What To Expect When You Are Going To Have Surgery
May 11, 2013
If you are reading this, and the thought of having an operation is a little daunting, it may be helpful to arm yourself with some useful information. For most folks, the mere idea of undergoing a surgery can be a stressful and confusing time. Many people are still recovering from the surprise that their condition requires an operation, and are unprepared and overwhelmed with the amount of information they are given in anticipation of the procedure. Below is a brief and simplified summary of some of the things you may be told and are expected to understand. Because every surgery is a little different in regard to indications, expectations, risks, and recovery, the guide below should serve as a road map to help you navigate the process.
Most surgeons use the terms preoperative, perioperative, and postoperative to describe the various stages involved, and we will break these down to make understanding them a little easier.
Everything involved in the preparation for a surgical procedure falls under this category. In some instances, this stage is quite brief and often expedited, especially when the operation is done for a more emergent condition. Often a very common, low risk operation does not include all the aspects listed below, but any good surgeon considers these issues.
- Consultation: This is the time when you review your condition with the surgical specialist and formulate a plan. During this phase it is absolutely critical that you speak directly with the doctor doing your operation, review all the options for treatment (including any non surgical ways to manage the condition) and clearly understand what the surgery entails. It is during this discussion you should be fully informed about what risks there are, what is expected from the procedure, and what your recovery will be like. Be sure to ask about and understand in advance the preoperative and postoperative issues discussed below.
- Consent: Most surgeons use a standard consent form to document that you agree to surgery, verify that you understand what will happen, and what the risks are. These risks always include the possibility of bleeding, infection, healing problems and injury to things that are within the operative field. Although hearing some of these risks can be unsettling, it is essential that you are completely informed before agreeing to proceed. This is your opportunity to express any limits to your consent. For example, if your religious beliefs limit the use of blood transfusions, your doctor should acknowledge this fact and modify what you consent to. Likewise, if you place limits on decisions a surgeon may make at the time of the operation, this is the opportunity to clarify these limits.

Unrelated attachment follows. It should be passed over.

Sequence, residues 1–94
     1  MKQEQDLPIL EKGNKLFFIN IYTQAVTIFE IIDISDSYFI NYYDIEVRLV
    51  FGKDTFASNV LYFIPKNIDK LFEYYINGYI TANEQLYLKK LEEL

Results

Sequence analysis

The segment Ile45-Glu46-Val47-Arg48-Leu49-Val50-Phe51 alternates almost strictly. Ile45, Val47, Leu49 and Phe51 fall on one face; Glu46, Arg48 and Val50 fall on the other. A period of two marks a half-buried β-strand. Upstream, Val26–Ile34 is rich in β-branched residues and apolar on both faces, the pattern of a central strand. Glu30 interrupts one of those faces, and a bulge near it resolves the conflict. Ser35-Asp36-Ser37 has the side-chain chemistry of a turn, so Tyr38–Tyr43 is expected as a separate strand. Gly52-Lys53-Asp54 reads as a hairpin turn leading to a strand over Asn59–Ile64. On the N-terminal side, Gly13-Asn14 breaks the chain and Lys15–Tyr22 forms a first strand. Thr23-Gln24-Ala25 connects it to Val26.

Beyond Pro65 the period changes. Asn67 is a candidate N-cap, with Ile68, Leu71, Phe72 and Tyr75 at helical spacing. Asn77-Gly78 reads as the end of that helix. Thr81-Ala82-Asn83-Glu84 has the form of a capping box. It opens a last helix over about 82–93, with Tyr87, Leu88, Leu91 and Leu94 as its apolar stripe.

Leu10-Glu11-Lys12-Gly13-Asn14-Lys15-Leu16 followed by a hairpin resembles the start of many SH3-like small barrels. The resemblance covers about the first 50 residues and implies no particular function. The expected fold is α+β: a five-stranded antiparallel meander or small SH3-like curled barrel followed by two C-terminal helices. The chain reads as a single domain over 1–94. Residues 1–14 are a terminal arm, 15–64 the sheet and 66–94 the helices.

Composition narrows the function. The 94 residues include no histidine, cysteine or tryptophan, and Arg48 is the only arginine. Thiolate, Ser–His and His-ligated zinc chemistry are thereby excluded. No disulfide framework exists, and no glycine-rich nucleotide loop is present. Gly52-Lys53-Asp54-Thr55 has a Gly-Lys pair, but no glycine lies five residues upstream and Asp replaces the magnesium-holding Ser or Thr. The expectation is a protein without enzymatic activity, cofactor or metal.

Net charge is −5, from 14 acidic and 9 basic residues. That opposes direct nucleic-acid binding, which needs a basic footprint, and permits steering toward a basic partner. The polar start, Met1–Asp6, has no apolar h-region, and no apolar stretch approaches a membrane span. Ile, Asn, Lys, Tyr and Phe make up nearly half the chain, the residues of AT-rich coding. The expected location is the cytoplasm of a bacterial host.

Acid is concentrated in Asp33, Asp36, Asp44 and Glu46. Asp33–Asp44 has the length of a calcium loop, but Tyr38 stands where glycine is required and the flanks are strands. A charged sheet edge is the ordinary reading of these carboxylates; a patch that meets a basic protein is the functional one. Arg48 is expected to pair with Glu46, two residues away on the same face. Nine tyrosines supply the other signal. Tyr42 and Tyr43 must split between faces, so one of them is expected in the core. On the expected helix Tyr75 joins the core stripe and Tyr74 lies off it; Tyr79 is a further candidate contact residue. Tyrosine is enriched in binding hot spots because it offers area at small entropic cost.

- Testing: It is often necessary to perform certain tests before an operation to minimize any surprises. These tests may include blood work, x-rays, breathing or heart studies to ensure the doctor is aware of any potential issues that could affect how the surgery goes or how you recover. Even though these things may seem burdensome, remember that the more informed your doctor has before a surgery, the better prepared they are. This preparation may even include evaluation by other specialists to enlist their expertise and provide you the best care possible.
- Preparation: Most surgeries that involve an anesthetic require that you not eat or drink for a period of time (usually 8 hours) before the start of surgery. Having food or liquids in your stomach increases your risk of a complication and, unless it is a true emergency, it’s a sure way to get your surgery canceled. It is ok to brush your teeth and usually ok to take your medication with a sip of water beforehand. Certain medicines that affect blood clotting or suppress your immune system are best held for a period of time before your operation, so always review any medications with your surgeon in advance. You may be asked to perform certain tasks before the operation that could include special antibiotic washes or bowel preparations. Make sure you clearly understand these instructions beforehand. Do not shave at the site of the surgery in advance as it increases your risk of infection.